Wrapping Paper / Film = Wrapping should be done on packages or items to prevent any damage by dust or water. Examples of such items are rolled-up textiles or drawings.
Addressing / Labeling = Ensure that all shipper and consignee information are properly provided and visible on your shipment. If there are multiple items, then each item needs to be addressed in the same manner. Remove any old shipping labels or irrelevant labels to prevent any confusion during transshipping. Shipping labels should be placed on the top or the side with the biggest surface area of the packaging. This is to ensure the ease of identifying the details on the shipment. Do not place the shipping labels around the corner or over the seams of the package, as they can be scratched or torn easily during transit. Make sure that the consignment address labels are properly attached to the packages, apply pressure to all adhesive tapes used on the sticking of the consignment notes. However, do not place the tape over the shipper/consignee information.
Packaging Do’s and Don’ts
Do’s = Choose the right size and material for the package to hold the content. Remember to leave adequate space for proper cushioning.
Balance the weight and the strength of the boxes, and also the nature of your shipments for proper packaging. Use corrugated boxes for most common items. Cushioning materials is a must. Use fillers, sponges, shredded or crumpled newspapers. Use water-proof and pressure sensitive tapes for sealing your boxes. Strap the heavy boxes to strengthen the package. Stuff cushioning materials in hollow and fragile items. Place them in the center of the box and packed the rest of the box with fillers. Don’t let them hit the sides. Tightly seal any liquid containers, make sure they do not leak. Wrap them in plastic if possible.
Wrap any sharp objects with layers of papers or cardboards and secure with adhesive tapes so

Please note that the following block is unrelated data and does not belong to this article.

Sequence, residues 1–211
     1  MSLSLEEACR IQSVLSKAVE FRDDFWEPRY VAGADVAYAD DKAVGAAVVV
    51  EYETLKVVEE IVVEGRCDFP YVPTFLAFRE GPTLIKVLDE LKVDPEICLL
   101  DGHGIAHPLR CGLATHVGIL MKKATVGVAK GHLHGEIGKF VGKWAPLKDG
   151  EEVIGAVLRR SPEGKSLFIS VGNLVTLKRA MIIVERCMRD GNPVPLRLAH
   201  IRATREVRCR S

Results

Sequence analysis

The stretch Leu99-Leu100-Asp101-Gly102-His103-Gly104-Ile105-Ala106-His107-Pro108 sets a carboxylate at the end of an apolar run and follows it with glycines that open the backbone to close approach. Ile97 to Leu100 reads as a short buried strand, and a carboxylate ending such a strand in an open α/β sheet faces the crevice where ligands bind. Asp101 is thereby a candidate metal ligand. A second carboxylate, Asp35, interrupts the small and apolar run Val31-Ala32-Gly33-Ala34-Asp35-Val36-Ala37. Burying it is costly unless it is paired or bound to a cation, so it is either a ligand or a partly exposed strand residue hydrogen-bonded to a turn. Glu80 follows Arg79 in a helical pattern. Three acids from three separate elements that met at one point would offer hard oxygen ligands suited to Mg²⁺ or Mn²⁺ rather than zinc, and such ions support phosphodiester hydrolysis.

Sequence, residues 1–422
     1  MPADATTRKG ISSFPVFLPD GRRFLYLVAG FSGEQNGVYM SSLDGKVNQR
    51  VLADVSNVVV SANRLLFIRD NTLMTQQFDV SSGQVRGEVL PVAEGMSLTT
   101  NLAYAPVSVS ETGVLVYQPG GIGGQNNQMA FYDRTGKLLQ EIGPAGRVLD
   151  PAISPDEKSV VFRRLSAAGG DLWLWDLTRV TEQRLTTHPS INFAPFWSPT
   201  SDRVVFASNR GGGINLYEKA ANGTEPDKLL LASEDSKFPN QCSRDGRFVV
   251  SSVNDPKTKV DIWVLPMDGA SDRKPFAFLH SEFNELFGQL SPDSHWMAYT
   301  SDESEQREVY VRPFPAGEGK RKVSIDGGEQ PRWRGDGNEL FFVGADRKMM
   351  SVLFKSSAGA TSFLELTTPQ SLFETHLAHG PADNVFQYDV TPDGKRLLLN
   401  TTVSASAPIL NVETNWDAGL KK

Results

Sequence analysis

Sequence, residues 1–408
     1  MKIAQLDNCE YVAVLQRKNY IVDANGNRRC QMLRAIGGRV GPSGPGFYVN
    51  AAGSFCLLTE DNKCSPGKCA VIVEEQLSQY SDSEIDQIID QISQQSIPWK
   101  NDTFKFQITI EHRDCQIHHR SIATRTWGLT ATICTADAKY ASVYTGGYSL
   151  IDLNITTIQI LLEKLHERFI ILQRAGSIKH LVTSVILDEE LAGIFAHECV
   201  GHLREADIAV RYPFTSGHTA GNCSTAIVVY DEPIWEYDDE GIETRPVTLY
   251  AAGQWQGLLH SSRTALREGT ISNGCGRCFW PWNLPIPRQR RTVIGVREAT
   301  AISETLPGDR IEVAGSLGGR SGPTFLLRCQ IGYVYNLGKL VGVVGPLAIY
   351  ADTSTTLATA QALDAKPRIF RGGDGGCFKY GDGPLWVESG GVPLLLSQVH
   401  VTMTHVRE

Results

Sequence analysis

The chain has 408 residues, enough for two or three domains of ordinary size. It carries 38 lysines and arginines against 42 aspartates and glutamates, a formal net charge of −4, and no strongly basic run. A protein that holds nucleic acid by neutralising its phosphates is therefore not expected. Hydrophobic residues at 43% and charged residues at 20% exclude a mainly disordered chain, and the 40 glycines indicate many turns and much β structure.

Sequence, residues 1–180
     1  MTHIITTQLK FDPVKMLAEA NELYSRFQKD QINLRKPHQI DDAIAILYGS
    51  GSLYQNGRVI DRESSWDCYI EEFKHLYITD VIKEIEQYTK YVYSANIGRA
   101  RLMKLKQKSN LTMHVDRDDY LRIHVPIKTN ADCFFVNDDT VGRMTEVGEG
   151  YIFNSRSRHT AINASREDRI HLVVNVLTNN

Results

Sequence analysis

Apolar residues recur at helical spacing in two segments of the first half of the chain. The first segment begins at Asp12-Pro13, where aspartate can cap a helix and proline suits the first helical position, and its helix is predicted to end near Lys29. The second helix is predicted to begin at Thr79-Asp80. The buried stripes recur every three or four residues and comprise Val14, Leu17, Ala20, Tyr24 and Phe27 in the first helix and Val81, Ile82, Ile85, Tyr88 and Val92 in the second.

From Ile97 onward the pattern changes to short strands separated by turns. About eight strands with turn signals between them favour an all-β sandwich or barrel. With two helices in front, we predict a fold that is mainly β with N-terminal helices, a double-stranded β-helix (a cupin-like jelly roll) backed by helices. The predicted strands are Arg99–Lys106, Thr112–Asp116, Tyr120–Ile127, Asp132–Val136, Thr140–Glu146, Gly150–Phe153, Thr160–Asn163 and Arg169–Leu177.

That they do not cut the packaging and damage other shipments. Place documents on cardboards before putting them into the flyers. This will ensure them from being bent or folded easily.
Make sure cushioning it done between multiple items when they are stacked together in one shipment.
Indicate which side of the box should be on top. Place the consignment notes on the top of the boxes to increases the chances of being placed at a proper orientation. Packaging for expensive gifts should be packed properly to prevent any unnecessary attention. Avoid using round cylinders, try triangular tubes ones instead so that they will not move about easily during transit.
Complete shipper and consignee information clearly. Make sure proper contact details are provided. Complete the address clearly and completely, using uppercase letters when handwriting labels to improve readability for personnel.
If a recycled box is used, make sure all old labels are removed or crossed out. Make sure extra tape or strapping is added to strengthen the packaging of the shipment.
Don’ts = don’t ship items until you have added the sender and consignee information including contact telephone numbers. Don’t use non water-proof bags. Don’t ship liquids or spill able items in envelopes or any other container not capable of retaining the liquid. Don’t ship fragile or breakable items in envelopes. Always place inside an oversized outer container with plenty of cushioning all around the item inside the outer package.
Don’t use paper-back or house-hold cellophane tapes which are not strong seal the shipments properly.
Don’t use strings or ropes to seal any corrugated boxes, they can easily damage the boxes. Don’t consider "Fragile" and "Handle with care" labels as a substitute for careful packaging. They are only appropriate for information purposes. Don’t cover the shipper and consignee information on the labels.
Palletizing = If you need to palletize your shipment you will protect your shipment from loss by ensuring that the edges of cartons are not hanging over the edge.
More information at www.quickpakinc.com